Mindfulness has many definitions, but one by Jon Kabat-Zinn who founded the MBSR program, is, "mindfulness is the awareness that arises from paying attention, on purpose, in the present moment, and nonjudgmentally."  He also wrote in the book Full Catastrophe Living, "Meditation practice is, more than anything, a way of being. It is not a set of techniques for healing."

The differences between the two quotes are subtle, and interesting.  I note especially Richard Miller's focus on tools and goals, and Jon Kabat-Zinn's refraining from tools and goals.

But back to the actual practices...  I'll start by describing the basic format of each meditation practice.

The Yoga Nidra format that I learned from Tarika at Kripalu would loosely follow the following points during a one hour meditation:
  •  A "sankalpa" which translates as a setting of intention.
  • A very quick body scan that starts with the right hand and then moves across and down the body. The scan moves rather quickly through the body so that the mediator doesn't focus for very long on any one area. 
  • Being aware of parts of the body, then the whole body, then points of contact between the body and the floor, then points of contact on the body itself.
  • Counting the breath backwards using a number such as 108, 54, or 27 that has Hindu associations to divinity.
  • A period of creating or "awakening" sensations in the body that were not present before. In a way, imposing a sensation onto the body from the mind. In my opinion, this is a very important opposition to the intention of an MBSR Body Scan. 
  • A creative visualization that loosely follows the chakra system - which is considered an energy-body that is not necessarily the same as physical parts of the body. 
  • A creative visualization that involves expanding consciousness.
  • Using wording that describes concepts that are not related to the physical body such as "witness conciousness" and being awake within an alternative mental state.  For example, in my Yoga Nidra Teacher Training, I was told about theta brainwaves in a way I have never encountered in my Mindfulness trainings.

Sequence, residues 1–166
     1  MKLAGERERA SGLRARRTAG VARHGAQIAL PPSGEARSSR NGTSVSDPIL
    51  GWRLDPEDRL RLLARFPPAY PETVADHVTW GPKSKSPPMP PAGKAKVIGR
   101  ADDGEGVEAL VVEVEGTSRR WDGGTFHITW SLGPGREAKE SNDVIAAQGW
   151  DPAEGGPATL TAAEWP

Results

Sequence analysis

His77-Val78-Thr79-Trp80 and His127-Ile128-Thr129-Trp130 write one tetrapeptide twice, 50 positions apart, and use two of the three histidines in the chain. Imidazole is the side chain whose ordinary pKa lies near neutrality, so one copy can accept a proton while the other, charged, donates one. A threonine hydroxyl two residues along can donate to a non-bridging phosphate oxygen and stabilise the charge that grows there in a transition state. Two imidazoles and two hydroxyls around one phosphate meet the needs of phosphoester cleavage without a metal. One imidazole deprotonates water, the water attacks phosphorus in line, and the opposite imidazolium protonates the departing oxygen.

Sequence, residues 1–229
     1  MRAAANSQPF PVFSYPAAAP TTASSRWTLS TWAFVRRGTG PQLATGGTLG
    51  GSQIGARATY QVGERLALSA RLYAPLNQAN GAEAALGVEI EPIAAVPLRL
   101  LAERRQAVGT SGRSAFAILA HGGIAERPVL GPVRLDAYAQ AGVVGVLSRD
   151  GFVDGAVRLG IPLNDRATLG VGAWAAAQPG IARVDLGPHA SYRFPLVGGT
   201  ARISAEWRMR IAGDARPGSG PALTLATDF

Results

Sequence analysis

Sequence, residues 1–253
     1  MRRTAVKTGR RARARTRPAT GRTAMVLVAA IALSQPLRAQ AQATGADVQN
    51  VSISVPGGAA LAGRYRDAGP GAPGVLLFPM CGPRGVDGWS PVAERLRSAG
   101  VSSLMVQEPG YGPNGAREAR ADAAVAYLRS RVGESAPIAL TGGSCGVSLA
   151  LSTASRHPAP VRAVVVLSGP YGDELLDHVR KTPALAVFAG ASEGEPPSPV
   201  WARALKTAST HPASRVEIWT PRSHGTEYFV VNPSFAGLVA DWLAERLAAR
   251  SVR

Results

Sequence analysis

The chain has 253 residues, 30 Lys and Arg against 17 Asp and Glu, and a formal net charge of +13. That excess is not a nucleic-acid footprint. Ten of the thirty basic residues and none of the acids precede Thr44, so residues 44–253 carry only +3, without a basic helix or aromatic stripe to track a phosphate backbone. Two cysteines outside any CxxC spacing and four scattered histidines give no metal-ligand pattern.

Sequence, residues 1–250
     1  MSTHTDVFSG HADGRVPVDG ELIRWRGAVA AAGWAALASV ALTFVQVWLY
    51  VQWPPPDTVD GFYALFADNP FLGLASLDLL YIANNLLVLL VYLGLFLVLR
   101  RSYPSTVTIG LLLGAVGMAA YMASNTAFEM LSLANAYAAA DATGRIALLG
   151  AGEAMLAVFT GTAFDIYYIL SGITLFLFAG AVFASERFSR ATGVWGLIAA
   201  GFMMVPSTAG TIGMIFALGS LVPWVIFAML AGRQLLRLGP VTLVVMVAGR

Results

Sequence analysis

• There is an intention towards creating an alternative or expanded consciousness that could very well include feeling an "out of body" or "above body" experience and/or dream-like images. 
The MBSR Body Scan format is simply scanning the physical body as-it-is throughout the meditation.
If you practice the MBSR Body Scan for one hour, you will spend one full hour tuning into your direct experiences of your physical body very slowly. 
  •  Starting with "Beginner's Mind" which is a form of openness, without presupposition. (Which also means no intention-setting.)
  • The instructions are to slowly move through the physical body as it is. Starting with the left foot and moving up. 
  • Being awake to sensations that are currently present within the physical body.
  • Refraining from creating anything extra, or imposing a feeling that wasn't there before.
  • Focusing on one area of the body for long periods of time is welcome.
  • There is no wording about alternative states or any associations with divinity.
  • There is an extra emphasis on making conscious decisions for self-care.
 As I look at the above details of each practice, I see very different intentions behind each meditation.

What I see in Yoga Nidra is an expanded form of consciousness where the mind is in a very different state than a normal work-a-day state. Just for example, I personally would not want to do my banking while my brain was in a Yoga Nidra mode.  Though it is a wonderful experience on a yoga mat.
In practice, I see people using Yoga Nidra practice as a way of changing the self starting from the outside and going inward, where they set mental intentions for self-change and use a Yoga Nidra practice to make their intentions "stick."

What I see in the state of Mindfulness, on the other hand, might be very useful the next time I do my banking. Being very present and aware of physical reality is a support in many work-a-day situations. And in practice, Mindfulness is not about setting intentions or goals or making resolutions.  It is about coming to a sense of peace with how things are as they are.
When self-changes are made as a result of mindfulness practices, change starts with an earnest assessment of what is already present on the inside, and then moving forward, navigating the world based on the inner resources that are here now.  So, I see more change originating from the inside and going out.

There is an article about Yoga Nidra at the Kripalu Website.
Information about MBSR can be found at the Center for Mindfulness website.